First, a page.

August 9th, 2007

Euro banks acknowledge problems / Central banks pour in money to keep system running

Posted in Money by ed

A few European banks today said they were having trouble because of the “evaporation” of the trading markets in asset-backed securities and CDOs, which made it impossible to evaluate their holdings.

So BNP Paribas, for one, said it is no longer permitting investors to take money out of three investment funds, which on paper, anyway, had lost 20% of their value in two weeks.

From a MarketWatch story:

QUOTE “The complete evaporation of liquidity in certain market segments of the U.S. securitization market has made it impossible to value certain assets fairly regardless of their quality or credit rating,” the bank added in a brief statement. …

BNP said it will resume valuations as soon as liquidity returns to the market and it is able to reliably value the funds again. END QUOTE

In response, the European Central Bank made a huge liquidity deposit into the system today — 130 billion (dollars).

And the US Fed Bank then followed with 20 billion.

And then the Canadian central bank did same, and issued the following statement:

QUOTE In light of current market conditions, the Bank of Canada would like to assure financial market participants and the public that it will provide liquidity to support the stability of the Canadian financial system and the continued functioning of financial markets. These activities are part of the Bank’s normal operational duties relating to the stability and efficient function of Canada’s financial system. The Bank is closely monitoring developments, and will deal with issues as they arise. UNQUOTE

So it does seem the awareness of the vast range of the problem is slowly spreading, and more trouble is ahead for the financial system.

Then again — do the banks think this is simply a “liquidity” problem (as when the huge hedge fund Long Term Capital Management failed in the late 90s)?  My guess is that it is more than that — that beneath the liquidity problem as a cause is not only the failure of AAA mortgage bonds, but the doubts about the value of the Rating Agency rating system provoked by those failures.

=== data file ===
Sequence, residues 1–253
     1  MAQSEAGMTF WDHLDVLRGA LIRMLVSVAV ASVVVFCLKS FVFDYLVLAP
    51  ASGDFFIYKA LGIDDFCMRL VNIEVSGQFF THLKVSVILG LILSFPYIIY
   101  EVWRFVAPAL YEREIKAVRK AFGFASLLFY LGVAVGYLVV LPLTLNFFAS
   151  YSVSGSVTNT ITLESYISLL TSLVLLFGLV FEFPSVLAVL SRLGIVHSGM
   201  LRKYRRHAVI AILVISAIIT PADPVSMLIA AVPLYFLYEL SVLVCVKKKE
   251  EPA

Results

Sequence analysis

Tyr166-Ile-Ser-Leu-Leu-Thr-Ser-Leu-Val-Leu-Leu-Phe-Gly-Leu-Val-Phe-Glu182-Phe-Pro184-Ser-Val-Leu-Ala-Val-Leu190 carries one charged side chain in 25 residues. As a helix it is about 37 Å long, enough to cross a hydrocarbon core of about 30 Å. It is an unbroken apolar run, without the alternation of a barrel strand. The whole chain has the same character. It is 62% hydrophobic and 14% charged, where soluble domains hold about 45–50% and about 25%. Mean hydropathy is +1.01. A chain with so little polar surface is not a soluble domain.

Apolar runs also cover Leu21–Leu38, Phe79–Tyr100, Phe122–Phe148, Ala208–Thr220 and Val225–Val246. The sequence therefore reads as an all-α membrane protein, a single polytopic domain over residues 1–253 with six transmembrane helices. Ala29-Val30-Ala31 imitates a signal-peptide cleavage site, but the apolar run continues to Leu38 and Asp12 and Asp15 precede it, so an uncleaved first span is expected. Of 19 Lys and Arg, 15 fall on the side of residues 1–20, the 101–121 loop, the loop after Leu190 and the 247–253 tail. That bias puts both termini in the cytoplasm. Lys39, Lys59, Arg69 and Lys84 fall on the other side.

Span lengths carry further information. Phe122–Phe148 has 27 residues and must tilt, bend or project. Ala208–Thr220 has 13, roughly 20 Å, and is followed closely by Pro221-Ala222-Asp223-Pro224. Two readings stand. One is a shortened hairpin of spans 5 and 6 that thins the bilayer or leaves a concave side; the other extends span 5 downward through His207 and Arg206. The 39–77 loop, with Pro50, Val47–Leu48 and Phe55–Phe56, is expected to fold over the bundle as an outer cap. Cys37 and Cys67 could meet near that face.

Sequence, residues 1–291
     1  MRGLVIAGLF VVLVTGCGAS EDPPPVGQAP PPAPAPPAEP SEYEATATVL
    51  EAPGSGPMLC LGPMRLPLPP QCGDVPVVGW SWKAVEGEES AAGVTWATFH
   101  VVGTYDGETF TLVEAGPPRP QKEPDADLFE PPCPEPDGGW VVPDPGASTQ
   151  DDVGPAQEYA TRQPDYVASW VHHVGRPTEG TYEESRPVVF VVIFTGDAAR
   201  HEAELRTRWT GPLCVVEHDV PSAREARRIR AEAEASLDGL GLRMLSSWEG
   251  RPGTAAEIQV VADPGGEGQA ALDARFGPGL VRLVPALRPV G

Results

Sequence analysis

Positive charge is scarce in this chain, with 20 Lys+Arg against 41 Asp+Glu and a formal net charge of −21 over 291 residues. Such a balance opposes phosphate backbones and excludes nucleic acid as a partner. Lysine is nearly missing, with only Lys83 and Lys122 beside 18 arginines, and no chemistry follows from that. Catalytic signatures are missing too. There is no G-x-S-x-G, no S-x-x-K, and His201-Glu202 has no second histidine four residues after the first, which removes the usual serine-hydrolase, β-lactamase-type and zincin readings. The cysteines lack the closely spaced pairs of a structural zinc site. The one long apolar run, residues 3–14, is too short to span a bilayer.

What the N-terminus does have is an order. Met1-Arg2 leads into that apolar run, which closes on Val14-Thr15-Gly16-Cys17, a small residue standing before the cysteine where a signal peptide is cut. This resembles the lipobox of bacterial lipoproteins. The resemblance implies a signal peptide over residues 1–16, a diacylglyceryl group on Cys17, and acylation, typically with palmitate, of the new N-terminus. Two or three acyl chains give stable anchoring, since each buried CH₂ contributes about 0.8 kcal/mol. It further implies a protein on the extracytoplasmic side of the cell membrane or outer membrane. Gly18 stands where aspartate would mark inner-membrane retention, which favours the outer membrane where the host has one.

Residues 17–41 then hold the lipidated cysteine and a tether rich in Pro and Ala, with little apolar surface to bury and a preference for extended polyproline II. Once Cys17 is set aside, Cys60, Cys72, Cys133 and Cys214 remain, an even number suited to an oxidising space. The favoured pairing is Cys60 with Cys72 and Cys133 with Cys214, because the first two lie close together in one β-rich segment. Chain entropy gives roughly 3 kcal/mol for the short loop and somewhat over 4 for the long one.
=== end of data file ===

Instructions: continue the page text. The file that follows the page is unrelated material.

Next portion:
If/when you start seeing stories about credit-card bond failures — hit the deck.

Tony Crecenzi, a great watcher of the bond markets, had this to say this morning at (well worth the subscription if you are trading for a living — a wide, wide range of commentators for a relatively cheap price):

The $130 billion injection by the ECB is extraordinary. On Sept. 12, 2001, in response to the extraordinary circumstances, the total amount of deposits at the 12 Federal Reserve Banks, which captures the scale of the Fed’s liquidity injections, was $102 billion, 5 times normal. …

What stands out most from this situation is its proximity to the Federal Reserve’s meeting on Tuesday. If the Fed had even the slightest inkling that a problem of this scale might occur, its statement would have had a full tilt toward neutral rather than the partial tilt it gave. Today’s events show that either the Fed committed a large policy error on Tuesday, or that both the Fed and the ECB are themselves more in the dark on the problems that lie underneath the surface than are investors in the financial markets.

The European markets sold off heavily on this news. In the US, the Murdoch Industrials opened about 190 down, now down 130.

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One comment

  1. ed says:

    So, the Murdoch Industrials wound up down 387 on the day. Boom boom boom.

    August 9th, 2007 at 5:49 pm

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